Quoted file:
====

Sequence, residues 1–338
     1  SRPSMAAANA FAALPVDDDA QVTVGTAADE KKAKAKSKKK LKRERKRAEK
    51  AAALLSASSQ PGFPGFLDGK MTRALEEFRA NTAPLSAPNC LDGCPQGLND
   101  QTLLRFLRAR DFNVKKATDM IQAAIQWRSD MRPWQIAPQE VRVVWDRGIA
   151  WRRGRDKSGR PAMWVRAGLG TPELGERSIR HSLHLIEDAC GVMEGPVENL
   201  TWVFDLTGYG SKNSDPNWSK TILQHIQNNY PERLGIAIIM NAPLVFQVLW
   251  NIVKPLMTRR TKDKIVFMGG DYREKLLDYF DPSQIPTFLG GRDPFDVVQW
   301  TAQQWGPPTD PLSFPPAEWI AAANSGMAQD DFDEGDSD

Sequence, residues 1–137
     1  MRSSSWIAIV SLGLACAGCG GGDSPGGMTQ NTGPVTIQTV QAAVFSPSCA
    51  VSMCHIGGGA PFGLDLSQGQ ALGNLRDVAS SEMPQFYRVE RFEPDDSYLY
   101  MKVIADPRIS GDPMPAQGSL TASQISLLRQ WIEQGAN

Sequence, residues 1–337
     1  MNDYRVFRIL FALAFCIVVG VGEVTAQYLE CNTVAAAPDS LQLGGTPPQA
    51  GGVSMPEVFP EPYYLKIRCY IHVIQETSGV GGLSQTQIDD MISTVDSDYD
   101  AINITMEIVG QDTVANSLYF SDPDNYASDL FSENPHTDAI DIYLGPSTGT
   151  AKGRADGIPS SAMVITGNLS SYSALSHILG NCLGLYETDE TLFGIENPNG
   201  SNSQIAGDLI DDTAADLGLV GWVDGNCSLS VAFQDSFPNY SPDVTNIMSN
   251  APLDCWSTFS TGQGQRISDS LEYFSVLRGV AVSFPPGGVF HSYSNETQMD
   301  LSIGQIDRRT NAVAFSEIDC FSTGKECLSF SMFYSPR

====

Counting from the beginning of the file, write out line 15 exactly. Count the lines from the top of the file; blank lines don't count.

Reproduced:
    51  GGVSMPEVFP EPYYLKIRCY IHVIQETSGV GGLSQTQIDD MISTVDSDYD